On October 1st of each year, we observe the International Day Of Older Persons, which means that’s the day everyone should go out of their way to recognize an older person in their life for their contributions to society, and for the impact which they’ve had on your life. There’s no doubt that older citizens have made some extraordinary contributions to life in general, but they are also among the most vulnerable people in our society. In Pontotoc and elsewhere throughout the country, everyone should make a point on October 1st to be a little nicer, and a little more tolerant of seniors you know. Senior home care professionals strive to do this on a daily basis, and we can all take a cue from them, to be a little kinder to the seniors in our lives. Here are five ways we can all show a little more respect, and offer a little more care to elderly citizens we know.
Spend some time with them
Many senior citizens become very lonely, especially if they have lost a partner during their lifetime, and are now on their own. Seniors who have no significant individuals in their lives will often fall victim to degraded health because they simply lack the motivation to continue on by themselves. It has been said that one of the keys to healthy aging is to maintain relationships with people you care about. For this reason, it’s important that you spend as much time as you can with a senior person, and really listen to what they have to say. There’s a lot that can be learned from elderly individuals, and you just might come away with a better understanding of something.
Solicit their advice
Some of the senior citizens in our lives are the wisest individuals that we know, yet most of us don’t take advantage of that fact. Seniors have had a whole lifetime to gather together experiences and knowledge which might well be important to pass along, yet most of us do not avail ourselves of the opportunity. Seniors have a lot to contribute to the world, so soliciting advice from a senior can be a lot more useful than just making them feel good. While it is true that you’ll probably be flattering an elderly person by asking for their advice, there will often be a practical benefit to it as well, because you’ll come away a wiser person.
Discuss family history
There is a certain charm and strength in the history passed down from one family member to another. This kind of oral history can achieve a togetherness that few other things are capable of, and they can help bind together all those individuals who are either part of the family or have touched the family in some way. Studies have shown that children who have obtained a high level of knowledge about their family history, are more capable of resisting stress and overcoming challenges in their lives.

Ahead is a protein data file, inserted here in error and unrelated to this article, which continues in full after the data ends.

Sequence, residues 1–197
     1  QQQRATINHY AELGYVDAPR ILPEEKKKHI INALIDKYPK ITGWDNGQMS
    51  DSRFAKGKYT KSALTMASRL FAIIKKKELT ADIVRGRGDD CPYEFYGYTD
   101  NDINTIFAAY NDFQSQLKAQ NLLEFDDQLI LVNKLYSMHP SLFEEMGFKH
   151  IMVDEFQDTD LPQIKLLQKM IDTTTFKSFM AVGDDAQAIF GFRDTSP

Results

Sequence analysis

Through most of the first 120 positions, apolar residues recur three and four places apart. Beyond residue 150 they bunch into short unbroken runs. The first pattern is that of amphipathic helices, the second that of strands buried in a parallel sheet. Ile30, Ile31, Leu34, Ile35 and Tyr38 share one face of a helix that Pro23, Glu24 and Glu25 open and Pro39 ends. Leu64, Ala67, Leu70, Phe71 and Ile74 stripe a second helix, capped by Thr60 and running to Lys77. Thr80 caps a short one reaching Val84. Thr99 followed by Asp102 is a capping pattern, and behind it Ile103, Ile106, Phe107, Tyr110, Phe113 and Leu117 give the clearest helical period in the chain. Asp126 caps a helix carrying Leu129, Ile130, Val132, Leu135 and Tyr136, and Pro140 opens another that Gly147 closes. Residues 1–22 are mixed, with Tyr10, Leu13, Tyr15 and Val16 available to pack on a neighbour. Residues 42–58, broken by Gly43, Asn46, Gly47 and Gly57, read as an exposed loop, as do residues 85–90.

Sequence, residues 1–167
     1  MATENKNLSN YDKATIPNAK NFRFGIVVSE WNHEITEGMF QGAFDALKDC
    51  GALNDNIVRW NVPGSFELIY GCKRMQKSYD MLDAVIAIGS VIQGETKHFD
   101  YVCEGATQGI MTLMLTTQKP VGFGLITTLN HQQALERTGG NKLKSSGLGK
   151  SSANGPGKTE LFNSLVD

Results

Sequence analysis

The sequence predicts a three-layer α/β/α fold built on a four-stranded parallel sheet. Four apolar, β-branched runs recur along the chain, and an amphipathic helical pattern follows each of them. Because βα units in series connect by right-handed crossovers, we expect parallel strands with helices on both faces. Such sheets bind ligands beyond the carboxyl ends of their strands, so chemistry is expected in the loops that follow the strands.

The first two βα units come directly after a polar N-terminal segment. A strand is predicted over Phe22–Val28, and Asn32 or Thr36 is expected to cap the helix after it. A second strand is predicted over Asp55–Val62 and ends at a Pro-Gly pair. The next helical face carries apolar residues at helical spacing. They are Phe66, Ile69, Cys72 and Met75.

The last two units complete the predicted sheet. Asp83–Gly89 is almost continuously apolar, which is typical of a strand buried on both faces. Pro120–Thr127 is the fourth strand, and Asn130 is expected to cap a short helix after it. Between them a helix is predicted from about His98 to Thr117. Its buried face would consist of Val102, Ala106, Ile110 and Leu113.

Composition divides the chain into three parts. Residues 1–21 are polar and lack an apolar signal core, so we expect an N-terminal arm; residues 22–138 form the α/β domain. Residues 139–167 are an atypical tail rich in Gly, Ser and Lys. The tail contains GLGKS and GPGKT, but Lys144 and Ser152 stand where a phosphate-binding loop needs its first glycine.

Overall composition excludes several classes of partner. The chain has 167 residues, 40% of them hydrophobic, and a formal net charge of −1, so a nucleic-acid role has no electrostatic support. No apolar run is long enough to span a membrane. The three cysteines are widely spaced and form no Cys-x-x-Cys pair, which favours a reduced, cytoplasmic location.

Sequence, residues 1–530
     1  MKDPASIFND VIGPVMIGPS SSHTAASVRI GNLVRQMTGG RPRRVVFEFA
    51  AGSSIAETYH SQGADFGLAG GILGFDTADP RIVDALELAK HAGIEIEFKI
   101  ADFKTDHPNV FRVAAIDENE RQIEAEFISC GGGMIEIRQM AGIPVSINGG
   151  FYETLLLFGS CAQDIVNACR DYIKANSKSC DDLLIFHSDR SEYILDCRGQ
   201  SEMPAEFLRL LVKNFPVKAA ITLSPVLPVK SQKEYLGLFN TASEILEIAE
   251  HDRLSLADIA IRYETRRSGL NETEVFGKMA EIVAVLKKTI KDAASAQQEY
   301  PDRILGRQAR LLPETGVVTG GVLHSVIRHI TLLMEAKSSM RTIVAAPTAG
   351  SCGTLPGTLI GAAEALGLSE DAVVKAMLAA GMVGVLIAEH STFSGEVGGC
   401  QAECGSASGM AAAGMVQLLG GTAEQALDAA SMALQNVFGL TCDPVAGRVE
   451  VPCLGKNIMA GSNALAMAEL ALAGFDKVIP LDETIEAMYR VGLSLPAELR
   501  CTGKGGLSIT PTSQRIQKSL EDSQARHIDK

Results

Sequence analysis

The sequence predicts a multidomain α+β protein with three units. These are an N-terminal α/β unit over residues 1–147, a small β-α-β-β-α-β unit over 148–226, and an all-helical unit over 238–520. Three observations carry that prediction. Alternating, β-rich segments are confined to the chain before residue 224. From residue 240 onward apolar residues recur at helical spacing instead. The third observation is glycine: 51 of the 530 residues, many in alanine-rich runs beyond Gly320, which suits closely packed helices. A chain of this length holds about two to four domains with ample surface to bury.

This is probably due to the fact that they have a strong sense of their own personality and where they came from, and it just makes them a stronger individual. Scientists have discovered that when family history is not repeated across generations, it only takes three generations for family history to become obscured and to be lost. The next time you have a chance, sit down with an elderly family member and discuss whatever family history they are willing to relate to you.
Give them a call
If you happen to live a long way away from your senior relatives, you should periodically give them a call to show them you’ve been thinking of them, and to find out what’s happening in their lives. Making a phone call to your elderly loved one is a very easy way to show them that you care, and it can make a world of difference to them, knowing that they have relatives who still feel strongly about them. It’s very easy for all of us to become so busy that we forget to keep in contact with those we love, but if you make a point of calling your elderly relatives, you’ll be doing them some good, and you’ll feel better about it as well.
Visit senior communities
Many of the seniors who frequent senior communities have been largely forgotten by family and friends, so they seek out companions who are in their age group. When you visit a senior community, you’re actually telling seniors that you haven’t forgotten them, and that you care about their lives. This can be important in giving them a sense of purpose, and it can also make them have a sense of self-worth because there’s someone who wants to converse with them.
You don’t need to have one of your own relatives living at the senior community in order to make a personal visit there, and it’s an excellent way of reaching out to seniors to show them you value them as individuals. If you can make a habit of doing this, make a point of watching their faces as you first join them, and take note of all the smiles and the upbeat attitudes which occur, just because you have given them some of your time.